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Warren Bernard

Blockbuster First Issue!

My Youthful Descent into the Burning Cauldron of Comic Book Collecting Hell

Chicken pox, measles and the mumps. I had all of the pre-vaccine childhood diseases, but it was tonsillitis which had me undergo my first, and very scary, stay in a hospital. A mere 7½ years old at the time, I still remember to this day being wheeled into the horror-movie operating room, that when I saw it on TV later, reminded me of Dr. Frankenstein’s lab. They put a cone with cotton in it over my nose and mouth and slowly dropped ether (yes: ETHER!!! Can you believe it?) on it until my consciousness faded into an electric buzz of lightning-like hallucinations and they hacked those tonsils out of my throat. I woke up some time later in a large room with lots of beds with other kids in them.

Eventually, my parents came and gave me a comic book to help pass the time as I spent the night in the hospital.

Superman issue number 161 with Superman flying down to land while being fired upon by soldiers. Bullets and shells from a bazooka, along with shells from a tank’s machine gun and canon, ricocheted off his chest.

It was a Superman comic book. The cover had Superman flying down to land while being fired upon by soldiers. Bullets and shells from a bazooka, along with shells from a tank’s machine gun and canon, ricocheted off his blue, red, and yellow embossed chest. I had never seen anything like it and was immediately hooked.

Inside were two stories, one about the cover, but the one that struck and stuck into my seven-year-old brain was the one titled The Last Days of Ma and Pa Kent!. Poor Superman loses his parents when he brings them on a time-travel vacation so they could see if they could find Blackbeard’s treasure. The Kents become infected with a disease that neither modern medicine at that time nor Superman’s access to advanced technology could stop. I felt really bad for Superman, because, well, it showed that even the most powerful being in the Universe had his limits.

Superboy is powerless to save his adopted parents, Ma and Pa Kent. They lie in bed, disappearing as Superboy attempts to put them in the Phantom Zone to protect them.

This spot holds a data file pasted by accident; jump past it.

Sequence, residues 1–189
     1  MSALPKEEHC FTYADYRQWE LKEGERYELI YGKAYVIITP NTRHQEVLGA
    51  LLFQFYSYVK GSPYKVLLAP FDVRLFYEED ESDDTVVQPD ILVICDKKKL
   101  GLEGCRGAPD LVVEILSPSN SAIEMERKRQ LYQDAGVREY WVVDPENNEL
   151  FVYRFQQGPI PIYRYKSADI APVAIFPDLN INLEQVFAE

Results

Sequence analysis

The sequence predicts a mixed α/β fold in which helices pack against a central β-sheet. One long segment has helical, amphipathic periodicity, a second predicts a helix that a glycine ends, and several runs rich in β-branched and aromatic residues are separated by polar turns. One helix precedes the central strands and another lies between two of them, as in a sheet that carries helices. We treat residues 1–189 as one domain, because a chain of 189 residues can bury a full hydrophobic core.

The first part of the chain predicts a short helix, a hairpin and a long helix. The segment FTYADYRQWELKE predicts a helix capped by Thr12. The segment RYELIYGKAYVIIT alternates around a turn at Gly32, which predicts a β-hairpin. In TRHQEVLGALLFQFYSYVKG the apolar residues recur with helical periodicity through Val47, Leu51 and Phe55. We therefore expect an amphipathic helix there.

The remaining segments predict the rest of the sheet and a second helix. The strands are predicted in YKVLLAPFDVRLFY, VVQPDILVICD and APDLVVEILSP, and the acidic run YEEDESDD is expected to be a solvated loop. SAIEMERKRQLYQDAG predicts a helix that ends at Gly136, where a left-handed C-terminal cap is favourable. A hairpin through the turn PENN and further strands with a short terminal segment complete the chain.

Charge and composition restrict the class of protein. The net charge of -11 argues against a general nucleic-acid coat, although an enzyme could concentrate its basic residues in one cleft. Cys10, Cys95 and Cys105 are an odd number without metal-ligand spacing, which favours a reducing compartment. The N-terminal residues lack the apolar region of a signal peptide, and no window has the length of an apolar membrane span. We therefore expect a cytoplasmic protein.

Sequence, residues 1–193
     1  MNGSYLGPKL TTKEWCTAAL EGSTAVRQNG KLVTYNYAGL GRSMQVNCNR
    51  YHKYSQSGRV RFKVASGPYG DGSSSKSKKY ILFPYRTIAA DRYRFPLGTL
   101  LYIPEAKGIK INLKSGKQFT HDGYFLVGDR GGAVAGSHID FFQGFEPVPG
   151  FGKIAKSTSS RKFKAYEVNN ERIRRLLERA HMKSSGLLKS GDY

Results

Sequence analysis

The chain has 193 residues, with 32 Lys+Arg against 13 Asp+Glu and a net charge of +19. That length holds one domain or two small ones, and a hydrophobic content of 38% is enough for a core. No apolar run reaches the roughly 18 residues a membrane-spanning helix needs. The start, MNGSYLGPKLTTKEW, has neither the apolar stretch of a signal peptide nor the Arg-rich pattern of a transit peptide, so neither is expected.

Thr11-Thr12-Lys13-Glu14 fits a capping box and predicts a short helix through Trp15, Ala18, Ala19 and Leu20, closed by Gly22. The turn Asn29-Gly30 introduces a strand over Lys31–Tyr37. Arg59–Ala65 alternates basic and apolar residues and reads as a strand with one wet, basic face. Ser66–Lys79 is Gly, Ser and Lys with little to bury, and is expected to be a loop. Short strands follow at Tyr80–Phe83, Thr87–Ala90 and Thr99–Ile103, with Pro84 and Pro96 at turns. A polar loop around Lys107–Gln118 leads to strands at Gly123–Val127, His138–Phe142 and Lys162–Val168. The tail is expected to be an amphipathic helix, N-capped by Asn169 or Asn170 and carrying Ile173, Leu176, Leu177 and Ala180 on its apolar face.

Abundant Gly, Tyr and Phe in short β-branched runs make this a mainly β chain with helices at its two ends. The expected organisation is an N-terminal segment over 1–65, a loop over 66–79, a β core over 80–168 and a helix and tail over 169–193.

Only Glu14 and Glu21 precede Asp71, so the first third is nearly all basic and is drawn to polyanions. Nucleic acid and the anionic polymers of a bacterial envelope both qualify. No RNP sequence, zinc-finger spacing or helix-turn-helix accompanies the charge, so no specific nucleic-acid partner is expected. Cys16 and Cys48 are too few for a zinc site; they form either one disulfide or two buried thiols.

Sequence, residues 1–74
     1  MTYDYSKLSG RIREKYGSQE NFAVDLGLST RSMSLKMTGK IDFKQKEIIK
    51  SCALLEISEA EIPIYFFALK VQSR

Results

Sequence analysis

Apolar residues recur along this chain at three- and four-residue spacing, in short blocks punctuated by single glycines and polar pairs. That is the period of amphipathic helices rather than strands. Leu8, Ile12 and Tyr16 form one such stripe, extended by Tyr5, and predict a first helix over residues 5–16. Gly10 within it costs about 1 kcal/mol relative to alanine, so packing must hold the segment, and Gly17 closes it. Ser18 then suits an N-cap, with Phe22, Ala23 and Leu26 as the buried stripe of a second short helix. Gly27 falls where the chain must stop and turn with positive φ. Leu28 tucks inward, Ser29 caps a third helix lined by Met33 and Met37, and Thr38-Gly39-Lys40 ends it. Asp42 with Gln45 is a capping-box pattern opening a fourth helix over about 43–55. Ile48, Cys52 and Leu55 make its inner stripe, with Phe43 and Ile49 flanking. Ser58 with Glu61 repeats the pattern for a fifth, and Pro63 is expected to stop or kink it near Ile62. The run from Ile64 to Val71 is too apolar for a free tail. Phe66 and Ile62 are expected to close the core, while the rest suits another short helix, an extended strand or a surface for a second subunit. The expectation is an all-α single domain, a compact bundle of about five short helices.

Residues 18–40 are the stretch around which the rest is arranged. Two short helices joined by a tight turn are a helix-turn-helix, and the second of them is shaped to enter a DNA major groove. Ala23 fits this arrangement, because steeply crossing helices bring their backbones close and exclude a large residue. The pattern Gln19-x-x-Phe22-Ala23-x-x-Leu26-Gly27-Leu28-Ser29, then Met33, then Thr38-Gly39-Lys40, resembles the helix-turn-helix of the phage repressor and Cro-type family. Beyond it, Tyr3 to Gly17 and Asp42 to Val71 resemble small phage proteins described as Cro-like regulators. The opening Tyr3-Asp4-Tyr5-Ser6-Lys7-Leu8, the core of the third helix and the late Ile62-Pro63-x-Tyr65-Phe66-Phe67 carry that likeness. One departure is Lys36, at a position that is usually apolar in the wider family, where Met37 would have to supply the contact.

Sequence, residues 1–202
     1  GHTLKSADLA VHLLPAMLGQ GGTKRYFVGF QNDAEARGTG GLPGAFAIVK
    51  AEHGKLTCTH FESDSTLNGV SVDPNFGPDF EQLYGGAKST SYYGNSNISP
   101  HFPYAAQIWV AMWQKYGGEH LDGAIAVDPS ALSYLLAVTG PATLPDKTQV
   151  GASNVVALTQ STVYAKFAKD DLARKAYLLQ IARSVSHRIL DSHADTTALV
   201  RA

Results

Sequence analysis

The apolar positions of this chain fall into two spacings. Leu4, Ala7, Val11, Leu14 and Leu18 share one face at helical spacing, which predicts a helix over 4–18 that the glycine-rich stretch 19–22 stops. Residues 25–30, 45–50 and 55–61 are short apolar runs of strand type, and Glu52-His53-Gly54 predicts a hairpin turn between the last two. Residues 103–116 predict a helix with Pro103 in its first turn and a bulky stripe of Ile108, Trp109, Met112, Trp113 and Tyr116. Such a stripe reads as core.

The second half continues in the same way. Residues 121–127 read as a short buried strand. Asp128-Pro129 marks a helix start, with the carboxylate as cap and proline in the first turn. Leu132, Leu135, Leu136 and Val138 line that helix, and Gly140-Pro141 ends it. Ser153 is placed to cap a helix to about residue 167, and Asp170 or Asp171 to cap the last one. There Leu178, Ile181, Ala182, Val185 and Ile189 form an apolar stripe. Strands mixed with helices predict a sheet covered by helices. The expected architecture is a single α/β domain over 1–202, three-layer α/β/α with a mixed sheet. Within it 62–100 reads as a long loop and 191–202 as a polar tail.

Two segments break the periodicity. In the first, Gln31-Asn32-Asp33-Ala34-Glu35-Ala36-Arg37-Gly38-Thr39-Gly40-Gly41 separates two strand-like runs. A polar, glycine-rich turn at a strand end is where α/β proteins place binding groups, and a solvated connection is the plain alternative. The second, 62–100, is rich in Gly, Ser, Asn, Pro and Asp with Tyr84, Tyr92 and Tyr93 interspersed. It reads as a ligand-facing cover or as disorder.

This first taste of the drug known as superhero comics wound up costing me a life-long addiction to collecting many, many comics of various types.

A few years later in junior high school, a classmate and I started talking comics. He was looking to sell his Adventure Comics featuring Superboy and the Legion of Super-Heroes. This was the time of Ferro Lad’s death and the Fatal Five, and every week or so he brought some more issues with the great writing of Jim Shooter. But there were holes in his run which I needed to fill, and fed with my predilection for collecting coins and stamps that my grandfather instilled in me (curse you Grampa!!!), I started down the various levels of collecting hell to locate those missing issues.

I descended further into that hellish comic book collecting cauldron for Superman. An ad in a local classified ad booklet led to my first Golden Age comics when I was 14, purchasing some mid-1940’s Superman issues from a collector. In a few years I had every Superman from 1957 through 1973, with a bunch before then, plus stacks of other DC comics.

A few months before I purchased those first Superman Golden Age comics, my parents moved us from New York City to Maryland. There, in my 10th Grade class, I met my buddy (to this day) John, who had a near complete set of Marvel comics. I had never seen them before, as my neighborhood candy stores, barbershops, and newsstands only carried DC Comics.

Of course, I quickly hooked on those and began assembling my own collection. Fast forward another half-decade. To pay for college, I wound up selling everything, including my Superman collection.

Cartoons for Victory by Warren Bernard

Fear not reader, though indeed I had given up my superhero comic book collection (which yes, I deeply regret not saving), my descent into collecting comics just took another turn. I found that by the time I was 20 or so, I had lost my love of superhero comics and got into underground comics and indie comics. Over the course of time, I added Sunday pages, New Yorker cartoons, political cartoons, WW1 and WW2 cartoons and single panel cartoons to my addiction list. The addiction got so bad and my collection became so big, that about 15 years ago a library addition was added to my house.

For all of the darkness that my collecting brings to my bank account and my psyche when I lose an auction, a few good things have come out of the collecting monkey that sits squarely and permanently on my back. Over the past 15 years or so, my collection has contributed one way or another to over two dozen books on various topics of comics history. I co-wrote one book that was nominated for an Eisner Award and wrote another that was also Eisner-nominated, both books containing a plethora of images from items in my collection. I have had the honor of lecturing at a number of institutions over the years, as well as contributing to a number of museum exhibitions. A few years ago, I donated a number of pieces to the Library of Congress, who will get more of my collection as time goes on.

All of this is due to that gift of Superman #161.

And yes, to this day, I hate going into hospitals…


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